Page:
Project description:While most blood lineages are assumed to mature through a single cellular and developmental route downstream of hematopoietic stem cells (HSCs), dendritic cells (DCs) can be derived from both myeloid and lymphoid progenitors in vivo. To determine how distinct progenitors can generate similar downstream lineages, we examined the transcriptional changes that accompany loss of in vivo myeloid potential as common myeloid progenitors (CMPs) differentiate into common dendritic cell progenitors (CDPs), and as lymphoid-primed multipotent progenitors (LMPPs) differentiate into all lymphoid progenitors (ALPs). Microarray studies revealed that Interferon regulatory factor 8 (IRF-8) expression increased during each of these transitions. Competitive reconstitutions using Irf8-/- bone marrow demonstrated cell-intrinsic defects in the formation of CDPs and all splenic dendritic cell subsets. Irf8-/- CMPs and, unexpectedly, Irf8-/- ALPs produced more neutrophils in vivo than their wild type counterparts at the expense of DCs. Retroviral expression of IRF-8 in multiple progenitors led to reduced neutrophil production and increased numbers of DCs, even in the granulocyte-macrophage progenitor (GMP), which does not normally possess conventional DC potential. These data suggest that IRF-8 represses a neutrophil module of development and promotes convergent DC development from multiple lymphoid and myeloid progenitors autonomously of cellular context. CMP (Lineage-c-kithiSca-1-CD11c- CD34+ Flk2+CD16/32-CD115- ) or CDP (Lin-c-kitintSca-1-CD34+Flk2+CD16/32-CD115+) were double sorted from the bone marrow of wild type C57BL/6 mice. RNA was extracted from 10,000-30,000 sorted cells using Trizol (Invitrogen) and linear acrylamide (Ambion), amplified using Affymetrix Two-Cycle Amplification and IVT kits (Affymetrix), and hybridized to Affymetrix Mouse Genome 430 2.0 chips.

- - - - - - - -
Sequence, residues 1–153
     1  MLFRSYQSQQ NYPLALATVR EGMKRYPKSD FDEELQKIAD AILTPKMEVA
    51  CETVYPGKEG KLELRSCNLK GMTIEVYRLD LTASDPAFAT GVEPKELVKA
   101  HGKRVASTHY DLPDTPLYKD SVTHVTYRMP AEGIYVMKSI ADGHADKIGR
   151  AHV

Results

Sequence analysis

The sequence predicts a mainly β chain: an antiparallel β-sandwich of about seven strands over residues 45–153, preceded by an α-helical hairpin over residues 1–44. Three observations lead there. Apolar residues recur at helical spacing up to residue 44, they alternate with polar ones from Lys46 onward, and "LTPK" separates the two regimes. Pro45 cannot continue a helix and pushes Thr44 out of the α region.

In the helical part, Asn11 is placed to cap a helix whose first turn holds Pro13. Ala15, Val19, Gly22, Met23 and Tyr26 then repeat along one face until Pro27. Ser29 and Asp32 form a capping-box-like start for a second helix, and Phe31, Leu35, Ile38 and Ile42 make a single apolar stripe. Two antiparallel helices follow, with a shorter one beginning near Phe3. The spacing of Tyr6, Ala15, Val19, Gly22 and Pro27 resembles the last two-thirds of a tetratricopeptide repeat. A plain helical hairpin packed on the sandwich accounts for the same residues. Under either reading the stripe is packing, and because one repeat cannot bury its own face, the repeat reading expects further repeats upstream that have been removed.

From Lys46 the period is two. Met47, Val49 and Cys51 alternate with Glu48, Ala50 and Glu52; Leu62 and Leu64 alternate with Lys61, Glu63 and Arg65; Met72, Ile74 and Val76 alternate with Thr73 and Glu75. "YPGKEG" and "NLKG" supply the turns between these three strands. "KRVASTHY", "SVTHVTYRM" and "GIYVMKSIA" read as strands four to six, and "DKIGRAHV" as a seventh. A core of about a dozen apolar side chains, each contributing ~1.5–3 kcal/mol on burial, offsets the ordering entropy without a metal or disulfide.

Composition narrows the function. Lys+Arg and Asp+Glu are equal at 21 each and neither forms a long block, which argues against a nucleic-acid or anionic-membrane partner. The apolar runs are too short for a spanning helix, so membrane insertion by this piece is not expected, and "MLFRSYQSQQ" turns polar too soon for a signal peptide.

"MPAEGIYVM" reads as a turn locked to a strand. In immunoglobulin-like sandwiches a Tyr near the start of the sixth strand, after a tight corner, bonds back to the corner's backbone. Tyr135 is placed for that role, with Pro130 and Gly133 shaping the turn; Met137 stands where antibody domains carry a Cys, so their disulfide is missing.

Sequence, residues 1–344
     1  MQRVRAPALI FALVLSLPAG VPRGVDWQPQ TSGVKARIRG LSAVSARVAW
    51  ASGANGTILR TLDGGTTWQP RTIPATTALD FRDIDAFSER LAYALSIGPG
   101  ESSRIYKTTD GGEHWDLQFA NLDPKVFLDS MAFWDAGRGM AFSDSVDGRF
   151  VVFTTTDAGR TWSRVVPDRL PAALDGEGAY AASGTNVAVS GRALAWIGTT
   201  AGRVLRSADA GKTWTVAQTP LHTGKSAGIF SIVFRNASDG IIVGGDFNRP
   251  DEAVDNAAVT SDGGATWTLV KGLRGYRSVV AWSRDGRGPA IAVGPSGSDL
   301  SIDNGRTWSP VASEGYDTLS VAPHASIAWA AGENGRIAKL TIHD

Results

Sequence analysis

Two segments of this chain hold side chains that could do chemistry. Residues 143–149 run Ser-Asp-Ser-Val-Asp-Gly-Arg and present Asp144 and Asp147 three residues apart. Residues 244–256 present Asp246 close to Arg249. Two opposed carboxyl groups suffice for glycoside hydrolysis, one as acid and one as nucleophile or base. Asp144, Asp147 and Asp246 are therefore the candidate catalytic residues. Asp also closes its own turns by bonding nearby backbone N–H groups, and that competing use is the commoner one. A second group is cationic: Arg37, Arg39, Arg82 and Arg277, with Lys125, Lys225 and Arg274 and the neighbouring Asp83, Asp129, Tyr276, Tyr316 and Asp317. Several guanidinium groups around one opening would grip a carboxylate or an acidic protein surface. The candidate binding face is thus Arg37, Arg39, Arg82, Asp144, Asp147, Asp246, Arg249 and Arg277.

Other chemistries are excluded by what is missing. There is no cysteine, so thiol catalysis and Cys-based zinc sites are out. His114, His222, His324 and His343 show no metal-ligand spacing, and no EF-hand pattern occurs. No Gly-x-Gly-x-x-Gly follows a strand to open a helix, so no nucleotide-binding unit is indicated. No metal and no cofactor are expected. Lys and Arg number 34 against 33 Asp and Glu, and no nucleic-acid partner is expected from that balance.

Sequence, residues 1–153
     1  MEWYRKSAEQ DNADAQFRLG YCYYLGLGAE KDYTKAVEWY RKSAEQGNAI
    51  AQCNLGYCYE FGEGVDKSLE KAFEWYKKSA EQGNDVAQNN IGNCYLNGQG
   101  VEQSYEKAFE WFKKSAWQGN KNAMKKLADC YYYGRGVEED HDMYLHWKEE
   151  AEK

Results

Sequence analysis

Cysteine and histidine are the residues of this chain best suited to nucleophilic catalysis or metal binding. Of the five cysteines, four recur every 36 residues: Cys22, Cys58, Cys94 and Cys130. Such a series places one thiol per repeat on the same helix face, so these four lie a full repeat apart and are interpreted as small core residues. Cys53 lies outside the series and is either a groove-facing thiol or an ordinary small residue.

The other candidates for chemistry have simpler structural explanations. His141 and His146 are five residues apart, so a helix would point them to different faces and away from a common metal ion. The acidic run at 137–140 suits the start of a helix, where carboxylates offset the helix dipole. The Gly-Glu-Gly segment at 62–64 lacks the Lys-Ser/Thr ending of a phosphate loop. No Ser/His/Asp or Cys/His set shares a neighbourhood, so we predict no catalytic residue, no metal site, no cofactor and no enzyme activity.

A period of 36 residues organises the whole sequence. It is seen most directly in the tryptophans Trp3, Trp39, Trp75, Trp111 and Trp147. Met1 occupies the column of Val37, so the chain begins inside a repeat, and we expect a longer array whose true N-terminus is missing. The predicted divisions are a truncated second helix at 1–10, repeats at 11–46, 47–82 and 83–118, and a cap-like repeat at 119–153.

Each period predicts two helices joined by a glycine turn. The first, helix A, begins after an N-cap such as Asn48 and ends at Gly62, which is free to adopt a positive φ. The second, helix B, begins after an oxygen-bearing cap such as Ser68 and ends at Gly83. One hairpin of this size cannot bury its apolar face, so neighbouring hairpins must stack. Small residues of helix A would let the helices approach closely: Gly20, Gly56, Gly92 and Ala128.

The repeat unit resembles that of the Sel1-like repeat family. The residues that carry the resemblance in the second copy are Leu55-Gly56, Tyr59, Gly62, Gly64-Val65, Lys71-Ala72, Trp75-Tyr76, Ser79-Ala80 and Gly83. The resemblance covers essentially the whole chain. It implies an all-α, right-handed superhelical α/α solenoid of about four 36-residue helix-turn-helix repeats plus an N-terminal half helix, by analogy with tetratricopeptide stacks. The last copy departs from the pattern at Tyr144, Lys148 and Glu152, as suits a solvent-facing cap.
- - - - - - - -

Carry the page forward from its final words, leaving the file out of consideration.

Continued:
Project description:In vivo pathways of natural retinoid metabolism and elimination have not been well characterized in primary myeloid cells, even though retinoids and retinoid receptors have been strongly implicated in regulating myeloid maturation. Using a UAS-GFP reporter transgene, and retrovirally expressed Gal4-RARA in primary mouse bone marrow cells, we identified two distinct enzymatic pathways utilized by mouse myeloid cells ex vivo to synthesize RARA ligands from free vitamin A metabolites (retinyl acetate, retinol, and retinal). Bulk Kit+ bone marrow progenitor cells utilize diethylaminobenzaldehyde (DEAB)-sensitive enzymes, whereas bone marrow-derived macrophages use DEAB-insensitive enzymes to synthesize natural RARA-activating retinoids (all-trans retinoic acid). Bone marrow-derived macrophages do not express the DEAB-sensitive enzymes Aldh1a1, Aldh1a2, or Aldh1a3, but instead express Aldh3b1, which we found is capable of DEAB-insensitive synthesis of all trans-retinoic acid. However, under steady-state and stimulated conditions in vivo, diverse bone marrow cells and peritoneal macrophages showed no evidence of intracellular RARA-activating retinoids despite expression of these enzymes and a vitamin A sufficient diet, suggesting that the enzymatic conversion of retinal is not the rate limiting step in the synthesis of intracellular RARA-activating retinoids in myeloid bone marrow cells and that that RARA remains in an un-liganded configuration during adult hematopoiesis. In order to identify additional enzymes that might contribute to DEAB-insensitive retinoid synthesis in bone marrow-derived macrophages, we compared gene expression in Kit+ progenitor cells vs bone marrow macrophages by Affymetrix array profiling. We analyzed 3 biological samples each of mouse bone marrow-derived macrophages and Kit+ progenitor cells